The Jesus-Mythers are growing. For the uninitiated, the Jesus-Mythers are a small but growing group of atheists who don't merely doubt the resurrection of Jesus of Nazareth, but hold that he never really existed at all. They believe he was a complete fabrication by the various Gospel writers, who used a standard formula of a dying and rising messiah to attract others to their newly-forged faith. In his book Jesus: Neither God nor Man—The Case for a Mythical Jesus, Earl Doherty opens with this claim:
Once upon a time, someone wrote a story about a man who was God.Here, Doherty makes clear the basic outline of how he believes the Jesus story began. But there are problems with this view, not the least of which is the Apostle Paul. Paul tells us he was a Pharisee and full of zeal for the Jewish faith (Phil. 3:5-6), so much so he actively persecuted Christians (Phil 3:6,1 Corinthians 15:9). But Paul writes that he was changed. In 1 Corinthians 15:3-7, he tells the story of Jesus dying for our sins, being buried and rising again. Paul writes that Not only did Jesus appear to the apostles such as Peter and the church leader James, but Jesus also appeared directly to him.
We do not know who that someone was, or where he wrote his story. We are not even sure when he wrote it, but we do know that several decades had passed since the supposed events he told of. Later generations gave this storyteller the name of "Mark," but if that was his real name, it was only by coincidence.
Other writers followed after, and they enlarged on the first one's tale. They borrowed much of what he had written, reworked it in their own particular ways and put in some additional material. By the time another half century had passed, almost everyone who followed the religion of these storytellers accepted their work as an account of actual historical events and a real historical man. And so did the people who came afterwards, for close to two thousand years.1
Here's the problem for Doherty: Paul wrote 1 Corinthians before the Gospel of Mark was written. 1 Corinthians is recognized to have been written between AD 53 and AD 55—only twenty or so years after Jesus' death on the cross—while Mark may be dated anywhere from the late 50s to the early 60s. Also, Paul says the story preceded him ("I delivered to you as of first importance what I also received" v. 3), so the account of Jesus as a resurrected Messiah must be much older than Mark.
The Forrest Gump ConnectionI've written before about how the time element makes it unlikely that the resurrection story could have grown as myth. But let's say the Mythers just got their timetable wrong and someone intentionally created the Jesus myth just around 30 AD, the time He was supposed to be crucified. Then let's say that they added historical details, such as Pilate's prefectorate or Caiaphas's priesthood to add legitimacy to the story. Couldn't that have happened?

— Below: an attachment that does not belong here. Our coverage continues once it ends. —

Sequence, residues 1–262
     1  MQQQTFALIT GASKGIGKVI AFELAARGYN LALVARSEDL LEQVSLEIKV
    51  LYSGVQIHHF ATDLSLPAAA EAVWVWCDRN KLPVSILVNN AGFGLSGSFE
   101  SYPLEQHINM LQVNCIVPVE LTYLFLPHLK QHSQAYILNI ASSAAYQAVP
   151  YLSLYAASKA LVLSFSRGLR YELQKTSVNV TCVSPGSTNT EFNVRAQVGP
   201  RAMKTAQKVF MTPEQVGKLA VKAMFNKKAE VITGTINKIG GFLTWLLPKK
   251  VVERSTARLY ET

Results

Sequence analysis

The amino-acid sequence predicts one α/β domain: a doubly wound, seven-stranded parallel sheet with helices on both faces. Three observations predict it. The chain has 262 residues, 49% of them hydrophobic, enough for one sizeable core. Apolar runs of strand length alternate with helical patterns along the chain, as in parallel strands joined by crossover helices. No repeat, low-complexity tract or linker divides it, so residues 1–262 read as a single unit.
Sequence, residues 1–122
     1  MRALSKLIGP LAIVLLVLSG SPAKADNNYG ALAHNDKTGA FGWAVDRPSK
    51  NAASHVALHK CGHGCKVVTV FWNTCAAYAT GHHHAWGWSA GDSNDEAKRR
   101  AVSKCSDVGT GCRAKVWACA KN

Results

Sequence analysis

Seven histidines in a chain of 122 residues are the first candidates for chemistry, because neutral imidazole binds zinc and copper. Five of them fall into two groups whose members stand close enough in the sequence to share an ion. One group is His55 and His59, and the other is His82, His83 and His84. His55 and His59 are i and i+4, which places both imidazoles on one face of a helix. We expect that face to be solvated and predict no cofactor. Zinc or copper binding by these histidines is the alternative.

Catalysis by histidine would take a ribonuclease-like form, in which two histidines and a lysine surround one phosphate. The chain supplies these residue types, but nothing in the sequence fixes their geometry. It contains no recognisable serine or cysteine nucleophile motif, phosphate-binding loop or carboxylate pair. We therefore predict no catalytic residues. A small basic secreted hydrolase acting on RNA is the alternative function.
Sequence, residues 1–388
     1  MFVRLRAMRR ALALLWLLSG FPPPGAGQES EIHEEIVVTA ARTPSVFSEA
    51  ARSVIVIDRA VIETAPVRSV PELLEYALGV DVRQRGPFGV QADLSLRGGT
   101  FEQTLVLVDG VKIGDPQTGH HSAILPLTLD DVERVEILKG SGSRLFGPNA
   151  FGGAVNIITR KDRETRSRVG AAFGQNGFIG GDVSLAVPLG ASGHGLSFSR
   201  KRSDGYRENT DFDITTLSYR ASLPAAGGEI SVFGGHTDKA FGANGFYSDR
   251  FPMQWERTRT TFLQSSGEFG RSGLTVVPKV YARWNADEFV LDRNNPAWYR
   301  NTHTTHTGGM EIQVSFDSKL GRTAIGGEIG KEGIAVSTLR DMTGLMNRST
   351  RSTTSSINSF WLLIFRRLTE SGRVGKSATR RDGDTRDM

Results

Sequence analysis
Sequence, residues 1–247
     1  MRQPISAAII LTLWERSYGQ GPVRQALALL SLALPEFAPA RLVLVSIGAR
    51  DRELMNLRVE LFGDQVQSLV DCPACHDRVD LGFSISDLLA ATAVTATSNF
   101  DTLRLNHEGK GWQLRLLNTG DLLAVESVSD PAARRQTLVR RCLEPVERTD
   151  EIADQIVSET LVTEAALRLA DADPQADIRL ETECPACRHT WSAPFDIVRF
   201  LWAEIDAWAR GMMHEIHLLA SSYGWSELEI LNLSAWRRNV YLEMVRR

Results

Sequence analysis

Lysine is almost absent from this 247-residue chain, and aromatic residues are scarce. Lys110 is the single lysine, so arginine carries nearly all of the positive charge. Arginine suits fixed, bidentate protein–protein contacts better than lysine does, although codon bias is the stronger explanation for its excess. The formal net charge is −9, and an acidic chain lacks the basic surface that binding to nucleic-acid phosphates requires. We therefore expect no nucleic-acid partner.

Well, no. For a modern day equivalent, we can look at the movie Forrest Gump. Forrest Gump was made in 1994, some twenty years ago and the same time span that exists between the resurrection and 1 Corinthians. In Forrest Gump, the filmmaker tells the story of modern American culture by placing the fictitious character played by Tom Hanks in real world scenarios and events. He gets details right, like the jogging trend, the way the president would greet college champions, and so forth.
Now, imagine a high-ranking militant who fought to establish the Taliban's rule and is passionate about establishing Islamic Sharia law the world over. He sacrificed himself for the mujahedeen, and is convinced that every belief other than Islam is blasphemy. The Taliban member sees the movie Forrest Gump, sees that Bubba Gump Shrimp Company restaurants exist and knows enough of the history of the US to know that the film reflects history in some way. Maybe he even believes that Forrest Gump did exist somewhere. Would any of that make him renounce his affinity to Islam and the Taliban and become an active crusader for Forrest Gump and the American way? Does anyone think such a carefully crafted tale would reverse everything the Taliban official holds to be true?
Such a conclusion lacks credibility. Why would Paul convert unless he had a deep, life-changing experience that shook him to his core? That's what he claimed happened; Paul tells us that the resurrected Jesus of Nazareth appeared to him directly. The book of Acts fills in some details, but Paul was compelled to change his beliefs not because of a tale told to him, but because he had a real experience with the risen Jesus.
In order to believe that Jesus is a myth, one must indulge in a tale more fantastic than Hollywood. Because of Paul's conversion and his early recording of Jesus' death and resurrection, the Jesus-Mythers are on extremely flimsy ground. Paul and his authorship of 1 Corinthians are undisputed by scholars. Even skeptic John Dominic Crossan says that "we have seven letters certainly from the historical Paul" and lists 1 Corinthians and Philippians among them.2 This is why New Testament scholar and critic of Christianity Bart Ehrman said "These views are so extreme and so unconvincing to 99.99 percent of the real experts that anyone holding them is as likely to get a teaching job in an established department of religion as a six-day creationist is likely to land on in a bona fide department of biology."3For a skeptic of Christianity, that's pretty conclusive.
2. Crossan, John Dominic. "The Search for the Historical Paul: Which Letters Did He Really Write?" The Huffington Post. 5 July 2011. Web. http://www.huffingtonpost.com/john-dominic-crossan/apostle-paul-letters_b_890387.html
3. Ehrman, Bart D. "Did Jesus Exist?" The Huffington Post. 20 March 2012. Web. http://www.huffingtonpost.com/bart-d-ehrman/did-jesus-exist_b_1349544.html
Photo Credit: Ricknightcrawler via the Creative Commons Attribution-Share Alike 3.0 Unported license.